Britain’s shock decision to leave the EU has raised questions about the future of the United Kingdom. Peter Geoghegan examines what it could mean for Northern Ireland and its future status.
Just like Scotland, Northern Ireland voted to remain in the EU. Eleven of the country’s 18 constituencies wanted to stay, including all the border regions. The status of the border with the Republic of Ireland has become a major issue, leading to calls for a fresh referendum and fears about the economy and stability in the region.
In the immediate aftermath of Thursday’s vote, Irish republicans Sinn Fein called for a referendum on a united Ireland. Martin McGuinness, deputy first minister in the devolved parliament in Belfast, said it was unacceptable that the people of Northern Ireland were being dragged out of the EU against their wishes.
However Theresa Villiers, the Northern Ireland secretary and a supporter of leaving the EU, rejected calls for a referendum on the region’s position inside the UK after Brexit.
Under rules set down by the 1998 Good Friday peace deal that ended the 30-year conflict, there cannot be a poll on Irish unity unless the majority of political representatives of both nationalist and unionist communities in Northern Ireland demand it. Irish prime minister Enda Kenny also dismissed calls for a so-called border poll.
The possibility of border controls, however, has emerged as a serious concern for many on both sides of the circuitous, 300-mile boundary between the Irish Republic and Northern Ireland.
This border is largely invisible, recognizably only the different font on road signs and the mobile phone tariffs. People pass over and back at will, without any checks. But that could be about to change.
“Brexit changes things completely,” says Colum Eastwood, leader of the Irish nationalist Social Democratic and Labour Party (SDLP) who hails from the city of Derry, just two miles from the Irish border.
Given that the successful leave campaign made border controls a central plank of its argument some form of border control is inevitable, says Eastwood. “They are going to want to control their borders. That is the basis on which the referendum was held. This means you need a border in Ireland,” he told DW.
Eastwood, like many, believes that the most likely outcome is not a border between the Irish Republic and Northern Ireland, but the introduction of controls between Northern Ireland and mainland Britain at ports and airports.
“It is not clear whether there would be a border between the Republic of Ireland and Northern Ireland or some other solution,” says Michael Keating, professor of politics at Edinburgh University. “People in London might have thought a little about Scotland but they haven’t thought at all about Northern Ireland,” he told DW.
Brexit and the peace process
Concerns have been raised too about the effect that Brexit could have on the peace process. In the run-up to the vote, Hugh Orde, former chief constable of the Police Service of Northern Ireland, warned that leaving the EU would embolden Irish republicans opposed to the peace process.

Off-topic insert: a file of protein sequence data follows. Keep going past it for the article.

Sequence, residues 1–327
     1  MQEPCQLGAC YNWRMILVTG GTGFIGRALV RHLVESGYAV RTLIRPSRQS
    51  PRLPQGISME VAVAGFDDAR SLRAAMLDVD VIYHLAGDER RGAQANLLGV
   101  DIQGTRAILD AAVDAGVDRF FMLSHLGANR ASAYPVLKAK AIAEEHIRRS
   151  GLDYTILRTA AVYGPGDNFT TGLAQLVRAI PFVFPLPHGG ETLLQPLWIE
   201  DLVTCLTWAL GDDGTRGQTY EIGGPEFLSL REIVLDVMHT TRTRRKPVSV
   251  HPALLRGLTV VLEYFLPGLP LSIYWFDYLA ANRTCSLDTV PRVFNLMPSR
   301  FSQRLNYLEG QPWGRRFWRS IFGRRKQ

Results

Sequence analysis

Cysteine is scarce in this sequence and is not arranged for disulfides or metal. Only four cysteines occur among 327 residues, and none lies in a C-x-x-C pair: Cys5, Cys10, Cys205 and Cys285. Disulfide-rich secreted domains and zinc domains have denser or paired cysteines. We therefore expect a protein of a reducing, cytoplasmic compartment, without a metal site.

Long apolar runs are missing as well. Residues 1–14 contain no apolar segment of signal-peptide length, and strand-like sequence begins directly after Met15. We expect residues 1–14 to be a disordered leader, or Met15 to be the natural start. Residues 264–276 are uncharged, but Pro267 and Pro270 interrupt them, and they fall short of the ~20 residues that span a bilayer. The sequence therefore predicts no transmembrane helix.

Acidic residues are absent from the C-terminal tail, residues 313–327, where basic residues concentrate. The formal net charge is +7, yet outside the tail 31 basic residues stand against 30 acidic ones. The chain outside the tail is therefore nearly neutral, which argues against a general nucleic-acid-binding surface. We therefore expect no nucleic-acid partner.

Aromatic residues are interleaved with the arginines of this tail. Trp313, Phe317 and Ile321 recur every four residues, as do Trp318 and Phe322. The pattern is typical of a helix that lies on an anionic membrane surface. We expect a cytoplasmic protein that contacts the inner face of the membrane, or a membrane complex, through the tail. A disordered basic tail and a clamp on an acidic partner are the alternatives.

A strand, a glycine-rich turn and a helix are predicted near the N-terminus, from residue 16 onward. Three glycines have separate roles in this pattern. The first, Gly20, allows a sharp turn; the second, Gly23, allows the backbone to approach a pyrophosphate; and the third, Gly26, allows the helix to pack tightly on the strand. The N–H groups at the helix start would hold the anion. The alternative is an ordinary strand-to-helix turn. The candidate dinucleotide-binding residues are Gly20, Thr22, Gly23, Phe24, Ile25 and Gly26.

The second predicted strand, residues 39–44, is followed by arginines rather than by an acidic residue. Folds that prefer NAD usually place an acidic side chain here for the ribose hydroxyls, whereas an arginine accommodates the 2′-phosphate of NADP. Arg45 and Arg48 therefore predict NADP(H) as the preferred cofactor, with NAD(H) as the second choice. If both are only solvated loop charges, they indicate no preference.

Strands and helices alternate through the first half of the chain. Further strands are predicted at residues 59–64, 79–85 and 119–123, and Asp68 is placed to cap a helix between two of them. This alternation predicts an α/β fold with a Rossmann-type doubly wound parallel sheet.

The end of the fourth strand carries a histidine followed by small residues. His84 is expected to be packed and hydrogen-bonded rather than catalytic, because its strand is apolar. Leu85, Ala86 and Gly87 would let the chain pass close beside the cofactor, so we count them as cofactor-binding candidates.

The SDLP’s Colum Eastwood believes that Brexit in itself will not undermine the peace, but “it could have a serious impact on the economy and that could in turn have an impact on the peace process.”
Northern Ireland receives substantial grants from the EU, including fund for peace-related projects. Two of the three bridges that span the River Foyle in Derry were built in part with European funds. Almost 90 percent of Northern Irish farmers’ income comes from Europe.
The European Union played an important role in mediating between British and Irish interests in Northern Ireland. Duncan Morrow, director of community engagement at the University of Ulster, says that Brexit has “terminally damaged” the diplomatic structure underpinning Northern Ireland.
“For most of the UK, the EU was represented as a meddling bureaucracy, for us it was a diplomatic infrastructure. Taking that away is seismic for us, it takes away the fundamental underpinning of what we have,” Morrow told DW.
Brexit and its aftermath has also created unique political problems in Northern Ireland. Although a majority voted to remain, the Democratic Unionist Party, the largest party in the devolved government, supported leave. Their coalition partners, Sinn Fein, are still widely distrusted by many given their associations with the Irish Republican Army.
“There is nobody articulating the view of the 56 percent (that voted to remain),” says Morrow. “The first minister sees herself as the leader of the leave campaign and the deputy first minister won’t engage with British politics. It is incredibly difficult when neither party in government is willing to speak up for the majority.”
One possibility is that the overwhelmingly pro-EU Irish government will increasingly articulate the views of the nationalists and liberal unionists in Northern Ireland that want to remain. A growing role for Dublin in Northern Irish affairs could change the political dynamic, possibly leading to greater cross-border co-operation.
Writing over the weekend, Richard Haass, president of the Council on Foreign Relations in Washington, said that in the wake of Brext “quite possibly all or part of Northern Ireland will join Ireland.” Haass is no stranger to Northern Ireland. Less than three years ago, the diplomat led peace talks in Belfast.
A referendum on Irish unification is unlikely in the short term. But the future of Northern Ireland is far more uncertain now than it has been for many years.